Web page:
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  5. V.M.Sang says:

    My father used to call me Vivinny. When my birth announcement was in the paper, a neighbour mispronounced Vivienne, and my dad took it up.
    He sadly died when I was very small. My mother remarried, and my stepfather called me Vienna. ( no idea why!)
    To my little sister, I was Vivi, and Viv to my friends.
    Of course, there’s Mum, and my son has started calling me Mother.
    And, almost best of all, Grandma.
    My sister, Cheryl, couldn’t pronounce her name, and called herself Chembul, so, of course, she is calle Chem.
    And my cousin, Elizabeth’s brother called her Biddybess, so she’s Bid.
    Strange how we accept these names.

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  6. Jennie says:

    You have quite a collection of terms of endearment, a tribute to you, Sue. I agree that Mum and Grandma are the best ones. You had a wonderful grandfather!

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  7. quiall says:

    The faces a writer can call upon are multifaceted. But the heart is always true.

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  8. Sadje says:

    This is so interesting Sue! So b what should we call you here? 😍

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  9. fransiweinstein says:

    Wonderful post! I would have enjoyed meeting your grandfather. My given name is Frances, which no one has ever called me — a name I have never liked and I have never felt “at home” in it. I think names should only be given (or chosen) when our true selves start to emerge.

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  10. Haha – pub grub… what a finish, especially after all of grandfather’s high-falutin’ names!

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  11. What a great post, Sue. I didn’t know that Penelope had anything to do with cloth. I love CS Lewis too and read the Narnia Chronicles several times. I recently read The Screwtape Letters and loved it so much I now have The Great Divorce to read. Have your read these?

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    • Sue Vincent says:

      I’ve read most of Lewis’ work over the years… some of his religious work is rather beautiful, even though it is not my path. The Screwtape Letters are a brilliant commentary on the human mind, though.

      Like

  12. I was never called Diana unless someone was made at me or it was a teacher. For years, my aunts thought I was a Dinah, and at school I was christened Mother Nature by a rather spiteful girl with mean intentions, but I’m having the last laugh as I love Nature. Mum used to call me by my sister’s name and vice versa, and in some instances I’d answer to Hey You!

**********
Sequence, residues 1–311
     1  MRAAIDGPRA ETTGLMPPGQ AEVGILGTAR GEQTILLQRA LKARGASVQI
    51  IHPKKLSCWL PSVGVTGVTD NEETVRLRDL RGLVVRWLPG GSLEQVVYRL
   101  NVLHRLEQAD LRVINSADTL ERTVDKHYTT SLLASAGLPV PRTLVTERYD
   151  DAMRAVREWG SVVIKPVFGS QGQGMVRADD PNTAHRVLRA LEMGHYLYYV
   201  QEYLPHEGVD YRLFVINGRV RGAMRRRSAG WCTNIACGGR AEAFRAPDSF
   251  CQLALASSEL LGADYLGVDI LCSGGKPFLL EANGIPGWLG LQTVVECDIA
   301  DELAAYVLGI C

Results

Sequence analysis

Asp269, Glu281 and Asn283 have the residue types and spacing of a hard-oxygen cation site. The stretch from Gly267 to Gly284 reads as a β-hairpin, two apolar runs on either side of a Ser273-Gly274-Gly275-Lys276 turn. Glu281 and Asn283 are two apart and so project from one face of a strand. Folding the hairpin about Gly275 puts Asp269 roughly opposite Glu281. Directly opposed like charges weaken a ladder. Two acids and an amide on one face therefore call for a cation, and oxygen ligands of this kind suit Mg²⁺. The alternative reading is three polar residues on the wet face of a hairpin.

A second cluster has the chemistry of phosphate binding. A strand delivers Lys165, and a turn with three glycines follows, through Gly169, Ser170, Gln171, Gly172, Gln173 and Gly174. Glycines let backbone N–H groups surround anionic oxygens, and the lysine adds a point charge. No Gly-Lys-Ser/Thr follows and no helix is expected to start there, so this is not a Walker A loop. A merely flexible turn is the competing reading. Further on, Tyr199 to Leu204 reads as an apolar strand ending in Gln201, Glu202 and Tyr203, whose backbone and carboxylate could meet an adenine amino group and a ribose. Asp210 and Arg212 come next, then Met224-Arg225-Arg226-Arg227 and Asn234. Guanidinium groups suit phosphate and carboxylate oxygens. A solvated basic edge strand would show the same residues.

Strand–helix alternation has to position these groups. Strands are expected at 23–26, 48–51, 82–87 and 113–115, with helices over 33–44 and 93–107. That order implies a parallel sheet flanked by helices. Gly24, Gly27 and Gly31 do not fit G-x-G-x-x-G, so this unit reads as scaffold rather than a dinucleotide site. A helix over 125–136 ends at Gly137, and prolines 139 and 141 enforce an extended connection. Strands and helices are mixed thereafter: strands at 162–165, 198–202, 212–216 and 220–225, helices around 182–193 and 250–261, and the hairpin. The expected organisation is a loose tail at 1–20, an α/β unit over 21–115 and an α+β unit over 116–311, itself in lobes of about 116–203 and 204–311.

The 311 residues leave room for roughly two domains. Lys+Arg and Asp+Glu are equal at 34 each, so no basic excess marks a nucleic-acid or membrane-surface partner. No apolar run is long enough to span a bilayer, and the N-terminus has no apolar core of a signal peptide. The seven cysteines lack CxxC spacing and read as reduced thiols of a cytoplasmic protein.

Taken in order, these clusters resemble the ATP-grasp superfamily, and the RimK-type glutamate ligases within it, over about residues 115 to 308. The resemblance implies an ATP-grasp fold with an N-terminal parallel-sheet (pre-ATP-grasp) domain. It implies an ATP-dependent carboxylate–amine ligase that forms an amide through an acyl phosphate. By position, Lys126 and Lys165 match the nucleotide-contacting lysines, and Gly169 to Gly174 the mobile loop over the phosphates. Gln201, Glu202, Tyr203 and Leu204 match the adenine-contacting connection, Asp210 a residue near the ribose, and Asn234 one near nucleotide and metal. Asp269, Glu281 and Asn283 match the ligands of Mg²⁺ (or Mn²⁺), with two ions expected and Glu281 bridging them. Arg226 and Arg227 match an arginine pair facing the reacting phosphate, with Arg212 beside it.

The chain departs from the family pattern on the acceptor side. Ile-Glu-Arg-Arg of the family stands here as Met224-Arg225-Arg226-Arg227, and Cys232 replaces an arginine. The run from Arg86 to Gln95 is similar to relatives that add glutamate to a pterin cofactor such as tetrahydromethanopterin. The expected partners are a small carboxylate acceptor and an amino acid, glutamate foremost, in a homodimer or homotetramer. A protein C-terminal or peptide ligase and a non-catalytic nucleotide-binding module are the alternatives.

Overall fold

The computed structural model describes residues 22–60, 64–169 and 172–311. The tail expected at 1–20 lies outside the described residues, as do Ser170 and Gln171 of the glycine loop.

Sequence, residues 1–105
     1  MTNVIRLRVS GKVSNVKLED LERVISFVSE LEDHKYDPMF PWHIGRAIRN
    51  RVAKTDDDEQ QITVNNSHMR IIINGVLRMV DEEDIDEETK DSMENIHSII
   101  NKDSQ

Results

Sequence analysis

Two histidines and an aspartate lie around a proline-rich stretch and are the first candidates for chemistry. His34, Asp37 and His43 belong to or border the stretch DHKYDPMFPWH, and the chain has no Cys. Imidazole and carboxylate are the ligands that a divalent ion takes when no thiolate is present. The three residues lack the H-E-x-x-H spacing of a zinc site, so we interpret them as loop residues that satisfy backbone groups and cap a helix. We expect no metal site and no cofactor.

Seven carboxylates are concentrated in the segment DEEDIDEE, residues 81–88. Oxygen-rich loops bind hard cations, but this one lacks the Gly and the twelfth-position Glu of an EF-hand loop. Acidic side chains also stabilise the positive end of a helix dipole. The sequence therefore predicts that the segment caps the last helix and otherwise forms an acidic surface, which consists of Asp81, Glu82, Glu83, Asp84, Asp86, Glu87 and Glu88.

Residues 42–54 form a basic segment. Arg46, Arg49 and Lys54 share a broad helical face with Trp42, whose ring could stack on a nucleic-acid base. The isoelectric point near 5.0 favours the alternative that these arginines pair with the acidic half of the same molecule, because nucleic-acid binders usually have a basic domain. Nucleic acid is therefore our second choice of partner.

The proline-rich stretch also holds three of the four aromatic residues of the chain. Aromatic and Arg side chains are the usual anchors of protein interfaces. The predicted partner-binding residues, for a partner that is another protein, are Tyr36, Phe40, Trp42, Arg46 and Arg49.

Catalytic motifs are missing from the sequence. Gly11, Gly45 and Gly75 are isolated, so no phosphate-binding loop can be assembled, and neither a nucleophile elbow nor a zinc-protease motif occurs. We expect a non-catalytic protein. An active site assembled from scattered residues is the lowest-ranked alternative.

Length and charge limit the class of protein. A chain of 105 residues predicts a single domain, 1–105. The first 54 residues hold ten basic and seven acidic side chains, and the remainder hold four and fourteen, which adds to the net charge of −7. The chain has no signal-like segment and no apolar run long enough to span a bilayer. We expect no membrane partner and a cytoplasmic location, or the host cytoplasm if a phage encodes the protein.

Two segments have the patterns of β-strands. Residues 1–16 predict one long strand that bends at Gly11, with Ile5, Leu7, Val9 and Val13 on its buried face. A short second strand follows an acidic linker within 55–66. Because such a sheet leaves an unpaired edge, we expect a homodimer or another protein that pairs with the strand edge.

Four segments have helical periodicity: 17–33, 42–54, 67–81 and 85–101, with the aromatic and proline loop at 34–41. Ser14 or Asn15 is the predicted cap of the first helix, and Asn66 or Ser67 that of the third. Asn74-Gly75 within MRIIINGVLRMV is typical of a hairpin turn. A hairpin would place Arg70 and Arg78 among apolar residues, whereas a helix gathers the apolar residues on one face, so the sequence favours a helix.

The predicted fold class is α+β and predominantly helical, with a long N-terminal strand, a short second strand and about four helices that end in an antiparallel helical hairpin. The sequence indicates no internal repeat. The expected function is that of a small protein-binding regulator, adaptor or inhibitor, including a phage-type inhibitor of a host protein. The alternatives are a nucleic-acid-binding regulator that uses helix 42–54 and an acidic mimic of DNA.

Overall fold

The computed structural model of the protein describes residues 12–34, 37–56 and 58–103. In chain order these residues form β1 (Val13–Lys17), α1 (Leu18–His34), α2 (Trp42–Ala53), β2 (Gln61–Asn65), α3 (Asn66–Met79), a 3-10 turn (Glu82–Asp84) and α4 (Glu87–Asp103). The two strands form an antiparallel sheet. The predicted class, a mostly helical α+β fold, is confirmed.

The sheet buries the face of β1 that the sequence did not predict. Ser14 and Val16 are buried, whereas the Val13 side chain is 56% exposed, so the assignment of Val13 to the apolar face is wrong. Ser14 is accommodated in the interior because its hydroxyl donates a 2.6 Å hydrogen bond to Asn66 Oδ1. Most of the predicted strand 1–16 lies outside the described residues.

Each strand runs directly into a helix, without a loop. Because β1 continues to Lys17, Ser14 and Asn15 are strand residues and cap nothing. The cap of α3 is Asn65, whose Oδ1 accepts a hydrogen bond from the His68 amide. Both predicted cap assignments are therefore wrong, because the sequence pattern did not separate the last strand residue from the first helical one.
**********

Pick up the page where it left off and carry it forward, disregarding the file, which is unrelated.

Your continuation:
Hubby calls me SWMBO and has all those lovely little cartoons he’s put together over the years. I love it.

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  13. noelleg44 says:

    THis got me to thinking about all the names I’ve had from various sources over the years. Miss Encyclopeda was my least favorite.

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  14. Widdershins says:

    Very handy things to have around, grubs. 😀

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  15. Reblogged this on Musings on Life & Experience and commented:
    Enduring terms.

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  16. I can’t repeat some of mine… but you have a wonderful selection to be proud of and treasure… lovely post Sue..xx

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  17. Adele Marie says:

    Your grandad sounds a wonderful mystical man. I had the mystical Qabbalah too but was too young at the time to even try to understand. xxx

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  18. Darlene says:

    This is a fun post. I’ve never had a nickname, no one in our family does. We don’t tend to do that. I used to wish my name was Shirley as it was my favourite teacher’s name. I asked everyone to call me that when I was young but no one would. My kids call me Mom, my son sometimes calls me Mumzie which I like. Of course, I love being called Gramma. It’s the best.